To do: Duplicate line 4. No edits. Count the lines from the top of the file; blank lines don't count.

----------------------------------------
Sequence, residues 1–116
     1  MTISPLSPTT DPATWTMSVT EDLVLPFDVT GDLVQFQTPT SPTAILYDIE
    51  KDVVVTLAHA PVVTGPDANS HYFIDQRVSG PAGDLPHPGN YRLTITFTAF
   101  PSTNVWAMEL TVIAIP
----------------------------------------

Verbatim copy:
   101  PSTNVWAMEL TVIAIP